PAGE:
Coco Fusco wrote in 2005 that the explosion of creativity in black culture in Britain in the 1980s, together with the accompanying critical debates, transformed assumptions about black art worldwide. The key senior figure in those debates was Stuart Hall. This article explores Hall as (1) an activist-intellectual who served as a mentor for artists from the African, Arab, Asian and Caribbean diasporas living in the UK and who intervened in public debates about ‘Black culture’ and ‘Black arts’ and (2) a cultural theorist whose concepts and ideas – for example, concerning modernity, diaspora, identity, subjectivity and cultural politics – facilitated transformative, anti-essentialist practices of ‘Black Art’ that started in the UK and spread internationally. Employing aspects of Hall’s method of ‘conjunctural analysis’, the article argues that, although known for its anti-essentialism, Black British arts of the 1980s and early 1990s constituted a contradictory formation – including a strong Afrocentric, essentialist trajectory that remained largely immune to Hall’s ideas.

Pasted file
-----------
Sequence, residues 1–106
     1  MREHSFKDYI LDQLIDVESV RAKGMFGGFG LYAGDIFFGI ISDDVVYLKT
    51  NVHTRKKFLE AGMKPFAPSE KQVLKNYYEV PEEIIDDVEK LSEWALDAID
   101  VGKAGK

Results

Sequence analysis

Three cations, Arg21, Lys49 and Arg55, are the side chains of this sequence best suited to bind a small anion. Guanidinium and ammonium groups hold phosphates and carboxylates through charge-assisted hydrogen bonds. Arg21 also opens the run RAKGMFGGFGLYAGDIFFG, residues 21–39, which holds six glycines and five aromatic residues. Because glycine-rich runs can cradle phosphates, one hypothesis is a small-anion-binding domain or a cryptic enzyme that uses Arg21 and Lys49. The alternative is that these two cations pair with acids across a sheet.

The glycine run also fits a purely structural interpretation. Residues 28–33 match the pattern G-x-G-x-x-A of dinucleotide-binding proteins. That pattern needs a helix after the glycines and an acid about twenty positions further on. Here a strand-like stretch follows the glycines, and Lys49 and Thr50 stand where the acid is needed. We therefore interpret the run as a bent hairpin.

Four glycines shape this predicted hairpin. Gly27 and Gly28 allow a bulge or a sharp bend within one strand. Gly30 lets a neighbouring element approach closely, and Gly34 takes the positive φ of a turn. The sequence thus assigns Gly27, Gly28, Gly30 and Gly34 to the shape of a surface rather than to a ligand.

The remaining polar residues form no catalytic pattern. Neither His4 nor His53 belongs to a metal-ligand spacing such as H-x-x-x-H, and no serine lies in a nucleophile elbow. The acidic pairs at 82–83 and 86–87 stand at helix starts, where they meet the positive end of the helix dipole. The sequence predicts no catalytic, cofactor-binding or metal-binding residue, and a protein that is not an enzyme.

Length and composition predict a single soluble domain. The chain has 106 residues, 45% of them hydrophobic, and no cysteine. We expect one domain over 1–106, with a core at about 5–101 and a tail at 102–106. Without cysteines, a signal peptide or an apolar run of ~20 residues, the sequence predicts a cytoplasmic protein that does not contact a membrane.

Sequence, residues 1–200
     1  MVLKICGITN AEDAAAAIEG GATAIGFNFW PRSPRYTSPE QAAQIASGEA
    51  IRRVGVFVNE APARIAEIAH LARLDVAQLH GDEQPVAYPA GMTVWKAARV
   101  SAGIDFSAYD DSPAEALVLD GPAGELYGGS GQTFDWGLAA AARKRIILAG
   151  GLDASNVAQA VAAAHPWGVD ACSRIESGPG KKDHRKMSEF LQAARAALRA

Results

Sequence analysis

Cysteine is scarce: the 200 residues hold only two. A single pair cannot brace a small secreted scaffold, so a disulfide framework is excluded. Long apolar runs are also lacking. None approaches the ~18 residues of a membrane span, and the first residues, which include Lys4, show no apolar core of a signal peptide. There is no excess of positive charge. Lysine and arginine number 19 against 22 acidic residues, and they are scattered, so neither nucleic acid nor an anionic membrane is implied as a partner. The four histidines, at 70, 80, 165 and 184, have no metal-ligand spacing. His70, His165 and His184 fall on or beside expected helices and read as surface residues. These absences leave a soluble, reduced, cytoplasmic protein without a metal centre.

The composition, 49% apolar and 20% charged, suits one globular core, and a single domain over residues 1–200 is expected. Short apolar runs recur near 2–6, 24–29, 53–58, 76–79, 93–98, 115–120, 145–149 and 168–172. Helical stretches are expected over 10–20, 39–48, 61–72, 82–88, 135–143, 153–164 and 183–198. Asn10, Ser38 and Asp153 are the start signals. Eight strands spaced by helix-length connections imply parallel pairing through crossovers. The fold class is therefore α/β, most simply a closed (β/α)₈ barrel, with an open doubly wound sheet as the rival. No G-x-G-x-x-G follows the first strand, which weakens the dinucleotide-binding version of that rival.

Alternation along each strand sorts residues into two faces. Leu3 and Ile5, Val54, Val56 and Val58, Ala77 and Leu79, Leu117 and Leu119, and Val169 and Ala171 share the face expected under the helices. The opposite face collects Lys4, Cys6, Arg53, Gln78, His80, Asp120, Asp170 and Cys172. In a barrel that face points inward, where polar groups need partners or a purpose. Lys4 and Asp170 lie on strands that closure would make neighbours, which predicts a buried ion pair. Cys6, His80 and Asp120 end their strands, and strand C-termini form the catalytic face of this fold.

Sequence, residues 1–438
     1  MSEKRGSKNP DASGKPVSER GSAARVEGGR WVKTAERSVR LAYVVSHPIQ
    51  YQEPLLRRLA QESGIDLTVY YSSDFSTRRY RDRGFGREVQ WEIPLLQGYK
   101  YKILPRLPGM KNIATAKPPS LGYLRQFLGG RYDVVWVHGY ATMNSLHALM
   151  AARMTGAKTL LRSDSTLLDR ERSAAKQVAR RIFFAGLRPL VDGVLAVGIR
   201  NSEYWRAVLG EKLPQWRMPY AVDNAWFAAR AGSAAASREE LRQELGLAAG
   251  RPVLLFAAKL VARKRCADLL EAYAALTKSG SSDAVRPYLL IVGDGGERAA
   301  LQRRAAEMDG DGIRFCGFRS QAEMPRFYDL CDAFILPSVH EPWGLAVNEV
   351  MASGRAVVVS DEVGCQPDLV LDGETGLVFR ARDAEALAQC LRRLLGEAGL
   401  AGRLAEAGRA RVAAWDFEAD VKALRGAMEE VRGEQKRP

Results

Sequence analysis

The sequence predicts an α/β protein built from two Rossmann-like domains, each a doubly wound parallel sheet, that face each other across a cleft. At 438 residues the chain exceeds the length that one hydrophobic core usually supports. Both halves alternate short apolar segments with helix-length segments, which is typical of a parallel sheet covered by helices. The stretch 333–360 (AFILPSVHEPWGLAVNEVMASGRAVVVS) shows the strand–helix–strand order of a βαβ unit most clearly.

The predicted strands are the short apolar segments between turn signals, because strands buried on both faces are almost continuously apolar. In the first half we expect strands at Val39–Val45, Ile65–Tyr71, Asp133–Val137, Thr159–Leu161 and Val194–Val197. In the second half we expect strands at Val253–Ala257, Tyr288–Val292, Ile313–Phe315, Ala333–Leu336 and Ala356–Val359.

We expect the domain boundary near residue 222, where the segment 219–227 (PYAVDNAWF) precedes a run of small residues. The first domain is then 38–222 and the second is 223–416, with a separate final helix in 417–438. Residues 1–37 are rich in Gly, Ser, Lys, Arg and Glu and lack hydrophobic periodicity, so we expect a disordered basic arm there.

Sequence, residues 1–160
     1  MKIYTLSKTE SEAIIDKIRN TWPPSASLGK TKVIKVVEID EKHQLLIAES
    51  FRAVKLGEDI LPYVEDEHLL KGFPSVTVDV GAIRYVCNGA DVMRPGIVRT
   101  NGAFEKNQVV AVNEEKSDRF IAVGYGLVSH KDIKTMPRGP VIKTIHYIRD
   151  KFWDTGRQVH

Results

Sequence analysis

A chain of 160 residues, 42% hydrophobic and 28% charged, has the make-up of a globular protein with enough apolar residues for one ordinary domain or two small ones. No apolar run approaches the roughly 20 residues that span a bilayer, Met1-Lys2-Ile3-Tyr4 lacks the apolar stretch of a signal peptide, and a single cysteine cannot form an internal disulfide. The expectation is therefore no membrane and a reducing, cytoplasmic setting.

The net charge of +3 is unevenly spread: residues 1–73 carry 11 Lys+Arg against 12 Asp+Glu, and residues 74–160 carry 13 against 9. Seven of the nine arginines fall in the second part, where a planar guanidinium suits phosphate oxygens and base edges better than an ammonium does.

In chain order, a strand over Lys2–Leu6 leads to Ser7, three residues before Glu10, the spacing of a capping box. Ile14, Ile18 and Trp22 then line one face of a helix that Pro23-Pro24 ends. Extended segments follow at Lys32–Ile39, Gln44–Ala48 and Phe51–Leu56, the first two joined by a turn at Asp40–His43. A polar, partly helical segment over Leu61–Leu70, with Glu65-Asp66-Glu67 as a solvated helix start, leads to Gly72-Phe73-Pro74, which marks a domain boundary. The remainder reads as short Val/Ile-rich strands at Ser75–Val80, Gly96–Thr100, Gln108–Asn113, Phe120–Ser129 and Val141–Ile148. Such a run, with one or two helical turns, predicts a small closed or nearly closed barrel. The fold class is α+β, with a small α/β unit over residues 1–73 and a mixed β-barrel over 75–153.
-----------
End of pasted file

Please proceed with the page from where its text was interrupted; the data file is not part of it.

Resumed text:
- Black Art
- Stuart Hall